Suspicious powder shuts down Liberty Bell

Posted: May 20, 2010

A section of Independence Mall was evacuated for more than three hours Thursday after a security guard found a deflated balloon filled with white powder near the entrance to the Liberty Bell.

Preliminary tests have determined that the powder is not explosive or radiological, and there is no indication that it is hazardous, said FBI Special Agent J.J. Klaver.

The substance is some type of organic compound, Klaver said, but authorities will not know for sure what it is until more thorough tests have been conducted.

"We are proceeding as though it is a hazard, because we don't know if it is or not," Klaver said. "It could be anything from a hazardous material to flour with yeast in it."

Tests may be completed within the next 24 to 48 hours, Klaver said.

The Associated Press reported that Thursday evening that Independence National Historical Park spokeswoman Jane Cowley said multiple tests determined the powder was flour.

The small quantity of powder, which was inside a blue balloon that was left on a mat at the entrance to the Liberty Bell Pavilion, was spotted around 2:30 p.m. by a private security guard. The guard and two others picked it up and placed it in a plastic bag, then called police.

The discovery led authorities to quickly close 6th Street between Arch and Chestnut Streets. Police, the Philadelphia Police Homeland Security unit, the Philadelphia fire department, and the FBI Hazardous Material unit descended on the scene.

Traffic backed up on the streets surrounding the historic Old City area, and curious tourists stopped and stared. Reporters and cameras clustered on the corners as television news helicopters circled overhead.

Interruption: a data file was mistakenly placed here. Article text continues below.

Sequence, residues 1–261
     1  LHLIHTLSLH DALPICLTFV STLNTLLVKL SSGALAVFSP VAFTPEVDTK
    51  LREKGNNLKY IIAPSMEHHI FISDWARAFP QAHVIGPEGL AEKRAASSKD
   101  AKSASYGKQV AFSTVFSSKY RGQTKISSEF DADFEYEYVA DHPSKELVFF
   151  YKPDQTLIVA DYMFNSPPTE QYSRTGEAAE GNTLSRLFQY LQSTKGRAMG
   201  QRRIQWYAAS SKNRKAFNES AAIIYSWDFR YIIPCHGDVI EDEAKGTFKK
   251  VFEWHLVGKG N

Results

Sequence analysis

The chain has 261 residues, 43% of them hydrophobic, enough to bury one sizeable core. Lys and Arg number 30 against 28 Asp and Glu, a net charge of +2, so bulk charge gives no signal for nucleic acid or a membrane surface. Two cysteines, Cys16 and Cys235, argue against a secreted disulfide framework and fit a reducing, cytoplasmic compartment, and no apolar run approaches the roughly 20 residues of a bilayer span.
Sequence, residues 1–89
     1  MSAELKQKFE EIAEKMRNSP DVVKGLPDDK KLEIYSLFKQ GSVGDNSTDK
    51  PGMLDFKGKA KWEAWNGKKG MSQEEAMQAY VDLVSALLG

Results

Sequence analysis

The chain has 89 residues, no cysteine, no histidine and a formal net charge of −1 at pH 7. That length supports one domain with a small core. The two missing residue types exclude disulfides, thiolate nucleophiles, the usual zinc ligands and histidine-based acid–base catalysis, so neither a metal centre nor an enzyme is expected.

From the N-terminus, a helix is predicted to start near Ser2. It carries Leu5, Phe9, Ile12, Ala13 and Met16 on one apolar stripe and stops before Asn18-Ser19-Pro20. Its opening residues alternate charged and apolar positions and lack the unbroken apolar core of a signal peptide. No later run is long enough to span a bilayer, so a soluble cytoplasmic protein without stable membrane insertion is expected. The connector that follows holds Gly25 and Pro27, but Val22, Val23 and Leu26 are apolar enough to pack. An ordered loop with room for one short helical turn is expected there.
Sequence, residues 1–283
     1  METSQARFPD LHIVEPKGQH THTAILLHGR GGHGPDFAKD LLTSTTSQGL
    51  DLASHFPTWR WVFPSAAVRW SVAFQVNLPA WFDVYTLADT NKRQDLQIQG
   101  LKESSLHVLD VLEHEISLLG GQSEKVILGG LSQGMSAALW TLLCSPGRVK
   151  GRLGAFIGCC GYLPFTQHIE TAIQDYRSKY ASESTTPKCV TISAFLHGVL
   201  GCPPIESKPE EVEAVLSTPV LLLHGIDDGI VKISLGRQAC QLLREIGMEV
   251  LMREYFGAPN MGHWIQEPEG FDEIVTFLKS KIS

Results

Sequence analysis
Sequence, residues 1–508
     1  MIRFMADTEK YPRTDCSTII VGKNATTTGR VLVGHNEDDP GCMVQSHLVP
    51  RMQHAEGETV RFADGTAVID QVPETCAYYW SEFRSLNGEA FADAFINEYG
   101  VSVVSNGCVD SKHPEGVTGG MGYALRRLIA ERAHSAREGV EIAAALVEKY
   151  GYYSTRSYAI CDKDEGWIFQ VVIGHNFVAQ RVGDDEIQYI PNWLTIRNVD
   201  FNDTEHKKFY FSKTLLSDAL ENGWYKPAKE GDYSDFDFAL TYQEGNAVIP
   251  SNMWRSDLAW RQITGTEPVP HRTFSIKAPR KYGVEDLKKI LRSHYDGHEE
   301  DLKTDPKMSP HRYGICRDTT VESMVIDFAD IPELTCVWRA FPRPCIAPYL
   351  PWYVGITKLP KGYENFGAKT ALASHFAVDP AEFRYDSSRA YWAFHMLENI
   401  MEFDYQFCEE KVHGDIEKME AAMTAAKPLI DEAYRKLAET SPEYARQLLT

Authorities combed the area for further traces of the substance and set up a decontamination booth, although it appeared they did not have to use it. Neither the guards or a firefighter who came into contact with the powder appeared to have suffered any ill effects, Klaver said, and no one was hospitalized.

The area was reopened by 7 p.m.

Field tests determined that the powder is a biological substance that contains proteins, Klaver said. The powder was shipped to a Pennsylvania lab Thursday for further testing.

Depending on the results of those tests, authorities might review security footage from surveillance cameras at the scene, Klaver said.

Elizabeth Battle, who was visiting Thursday from New York, had the misfortune of parking on 6th Street while she went on a Duck Boat tour. When she returned, she found her car stuck in the middle of the scene.

"It's been two and a half, three hours," she said as she waited for police to allow her to retrieve her car. "But it is a threat. I understand."

Contact staff writer Allison Steele at 215-854-2641 or asteele@phillynews.com.

|
|
|
|
|